“There’s a tonne of empirical evidence to support positive workplace gossip,” she says. “It has a positive impact on people’s attitudes and behaviours; they are more likely to follow business processes and be generous with each other. When we do gossip well, it often creates a very tight team that’s far more effective and high performing,” she says.
A workplace culture that values positive gossip also gives people effective strategies to diffuse tension and resolve potential misunderstandings before the tone becomes combative or judgemental.
“If there’s an inference from a team member that someone didn’t do the right thing and it potentially starts to become a negative conversation, a person can come in and say something like, ‘We don’t know why David made that decision, but I’m sure he had his reasons, so let’s wait until he arrives so we can discuss it and find out’,” Overfield says.
“This takes the heat out of what can potentially become conflict.”
Promoting positive gossip
Setting clear expectations around gossip helps to avoid confusion and promote the behaviours you want staff in your practice to display. Groat suggests arranging a team meeting where everyone is encouraged to share their perspective and workshop strategies.
“You might decide it’s a positive or helpful comment if it elevates the person who’s being discussed, versus elevating yourself in the conversation or pulling another person down,” she says.
Overfield suggests adopting the ‘THINK rule’: is it true, helpful, inspiring, necessary and kind? “This approach helps people figure out if what they are thinking of saying is appropriate. It’s an opportunity to self-reflect before you open your mouth and talk about others.”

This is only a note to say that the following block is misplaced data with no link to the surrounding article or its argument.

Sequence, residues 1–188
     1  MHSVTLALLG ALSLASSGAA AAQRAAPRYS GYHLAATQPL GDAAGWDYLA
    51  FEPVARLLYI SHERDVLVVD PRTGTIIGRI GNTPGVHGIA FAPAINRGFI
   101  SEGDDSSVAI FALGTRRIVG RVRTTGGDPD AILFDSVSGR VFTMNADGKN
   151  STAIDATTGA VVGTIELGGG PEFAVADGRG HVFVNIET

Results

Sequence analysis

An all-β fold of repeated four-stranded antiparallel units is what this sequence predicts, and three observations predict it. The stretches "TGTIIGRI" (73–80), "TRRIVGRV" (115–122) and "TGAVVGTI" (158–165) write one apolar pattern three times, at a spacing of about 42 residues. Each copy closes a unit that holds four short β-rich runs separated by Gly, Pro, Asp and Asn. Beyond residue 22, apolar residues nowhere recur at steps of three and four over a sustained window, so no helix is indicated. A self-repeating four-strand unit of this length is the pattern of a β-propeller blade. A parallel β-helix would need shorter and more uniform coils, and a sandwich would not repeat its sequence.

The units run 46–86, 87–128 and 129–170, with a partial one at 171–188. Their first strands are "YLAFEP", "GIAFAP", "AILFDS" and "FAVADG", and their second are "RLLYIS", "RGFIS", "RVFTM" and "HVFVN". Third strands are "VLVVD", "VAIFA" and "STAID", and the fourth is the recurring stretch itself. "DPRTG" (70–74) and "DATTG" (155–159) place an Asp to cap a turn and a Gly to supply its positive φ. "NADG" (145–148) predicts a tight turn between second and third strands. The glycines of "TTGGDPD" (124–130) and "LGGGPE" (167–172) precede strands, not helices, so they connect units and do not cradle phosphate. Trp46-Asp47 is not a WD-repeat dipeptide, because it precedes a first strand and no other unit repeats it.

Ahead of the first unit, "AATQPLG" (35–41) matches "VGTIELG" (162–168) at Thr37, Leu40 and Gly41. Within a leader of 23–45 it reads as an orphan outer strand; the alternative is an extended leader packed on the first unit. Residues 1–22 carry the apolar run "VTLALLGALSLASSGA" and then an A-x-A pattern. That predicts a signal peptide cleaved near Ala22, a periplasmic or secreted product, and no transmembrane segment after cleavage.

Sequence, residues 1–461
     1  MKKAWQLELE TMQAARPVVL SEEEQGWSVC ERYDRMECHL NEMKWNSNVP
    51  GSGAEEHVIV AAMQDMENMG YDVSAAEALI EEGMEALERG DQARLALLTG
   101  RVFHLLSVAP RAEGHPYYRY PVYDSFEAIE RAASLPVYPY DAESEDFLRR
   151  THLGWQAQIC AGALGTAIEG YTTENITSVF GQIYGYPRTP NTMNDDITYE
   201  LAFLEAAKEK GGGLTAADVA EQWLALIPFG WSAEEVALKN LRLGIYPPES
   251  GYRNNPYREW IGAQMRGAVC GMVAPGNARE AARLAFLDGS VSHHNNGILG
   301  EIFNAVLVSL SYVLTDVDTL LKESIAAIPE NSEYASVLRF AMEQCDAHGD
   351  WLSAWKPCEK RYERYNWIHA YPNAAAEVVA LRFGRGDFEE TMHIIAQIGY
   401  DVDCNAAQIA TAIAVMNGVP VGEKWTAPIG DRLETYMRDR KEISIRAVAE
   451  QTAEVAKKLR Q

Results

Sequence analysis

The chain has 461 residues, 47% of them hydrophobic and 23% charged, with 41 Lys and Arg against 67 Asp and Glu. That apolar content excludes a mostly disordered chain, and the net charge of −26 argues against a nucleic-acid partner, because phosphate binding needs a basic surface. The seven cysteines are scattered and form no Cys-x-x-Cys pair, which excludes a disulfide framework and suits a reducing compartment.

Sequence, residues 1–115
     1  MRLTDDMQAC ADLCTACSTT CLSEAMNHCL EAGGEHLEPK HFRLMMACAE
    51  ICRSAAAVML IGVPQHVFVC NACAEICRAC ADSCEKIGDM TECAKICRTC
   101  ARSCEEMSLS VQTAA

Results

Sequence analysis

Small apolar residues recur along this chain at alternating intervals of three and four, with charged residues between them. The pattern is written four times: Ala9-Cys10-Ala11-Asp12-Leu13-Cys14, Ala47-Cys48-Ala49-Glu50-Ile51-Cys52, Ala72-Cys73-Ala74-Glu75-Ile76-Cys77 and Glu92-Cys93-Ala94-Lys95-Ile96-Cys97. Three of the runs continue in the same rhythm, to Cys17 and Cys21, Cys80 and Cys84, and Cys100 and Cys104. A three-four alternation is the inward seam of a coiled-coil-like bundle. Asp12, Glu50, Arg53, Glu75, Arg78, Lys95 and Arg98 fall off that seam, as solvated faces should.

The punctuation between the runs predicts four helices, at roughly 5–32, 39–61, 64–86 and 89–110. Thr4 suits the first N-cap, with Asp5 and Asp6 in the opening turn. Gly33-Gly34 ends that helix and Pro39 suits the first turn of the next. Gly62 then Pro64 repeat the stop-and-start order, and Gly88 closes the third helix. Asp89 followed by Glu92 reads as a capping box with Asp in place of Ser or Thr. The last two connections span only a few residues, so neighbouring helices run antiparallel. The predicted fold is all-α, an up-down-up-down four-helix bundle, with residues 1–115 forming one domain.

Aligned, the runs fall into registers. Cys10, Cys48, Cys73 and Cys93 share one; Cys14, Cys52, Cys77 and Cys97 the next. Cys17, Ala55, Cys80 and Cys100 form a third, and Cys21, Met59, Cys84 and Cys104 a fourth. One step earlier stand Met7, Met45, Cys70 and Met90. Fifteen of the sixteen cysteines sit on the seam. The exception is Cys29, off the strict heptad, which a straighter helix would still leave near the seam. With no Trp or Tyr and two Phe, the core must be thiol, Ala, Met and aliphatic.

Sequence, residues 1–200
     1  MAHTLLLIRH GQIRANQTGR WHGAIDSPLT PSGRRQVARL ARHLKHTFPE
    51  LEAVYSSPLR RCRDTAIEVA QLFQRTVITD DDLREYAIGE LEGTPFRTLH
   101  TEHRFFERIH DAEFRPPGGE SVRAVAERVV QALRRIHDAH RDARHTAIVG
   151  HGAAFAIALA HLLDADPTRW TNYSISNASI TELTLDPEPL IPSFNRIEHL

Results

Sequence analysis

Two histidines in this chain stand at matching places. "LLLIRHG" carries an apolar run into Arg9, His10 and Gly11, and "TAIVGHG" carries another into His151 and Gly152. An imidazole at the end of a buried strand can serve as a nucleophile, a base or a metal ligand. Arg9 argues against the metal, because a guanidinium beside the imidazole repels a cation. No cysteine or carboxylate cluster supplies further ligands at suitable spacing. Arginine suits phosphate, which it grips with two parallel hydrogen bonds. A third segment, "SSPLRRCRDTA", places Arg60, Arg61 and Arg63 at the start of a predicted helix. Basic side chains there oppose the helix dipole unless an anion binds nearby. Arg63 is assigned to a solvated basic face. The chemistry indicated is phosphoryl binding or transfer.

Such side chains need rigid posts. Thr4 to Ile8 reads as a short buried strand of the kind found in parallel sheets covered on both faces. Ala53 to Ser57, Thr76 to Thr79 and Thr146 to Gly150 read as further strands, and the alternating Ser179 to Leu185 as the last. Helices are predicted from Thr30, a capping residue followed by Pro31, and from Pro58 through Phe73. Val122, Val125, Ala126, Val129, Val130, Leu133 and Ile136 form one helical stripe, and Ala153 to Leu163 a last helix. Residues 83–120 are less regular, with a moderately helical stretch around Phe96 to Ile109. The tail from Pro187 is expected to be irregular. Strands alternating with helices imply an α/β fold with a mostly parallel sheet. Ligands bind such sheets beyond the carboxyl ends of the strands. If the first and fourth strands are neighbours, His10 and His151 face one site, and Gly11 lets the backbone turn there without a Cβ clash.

Strength spotting—recognising and calling out something a co-worker does well—can help to cement positive gossiping behaviours. “When you see or hear something that is great about another person, that shows something about their character and their work, you might as a team commit to sharing it with them and with one other person,” Groat says.
It can also be helpful to build on the positive gossiping behaviours of co-workers. “When someone shares something positive, add to it. A colleague might say, ‘Sarah is such a great team player.’ And you could say, ‘Yes, she is. She’s so good with the pet owners.’ Making it an automatic response elevates it and builds on the original comment.”
Practice owners and managers are key agents of change, so it’s important to hold yourself to the same standard as the rest of your team. “The minute you make a sly or snide comment about someone in the team, you give permission to everybody else to do that,” Overfield says.
“Walking the talk is really important, because it’s one thing to put it in a policy but quite another to do the thing you say is important and that you value as an organisation.
“You can demonstrate, facilitate and create opportunities to allow positive workplace gossip to be a tool for good and a strength for your practice, as opposed to the thing that erodes your culture and gets out of control.”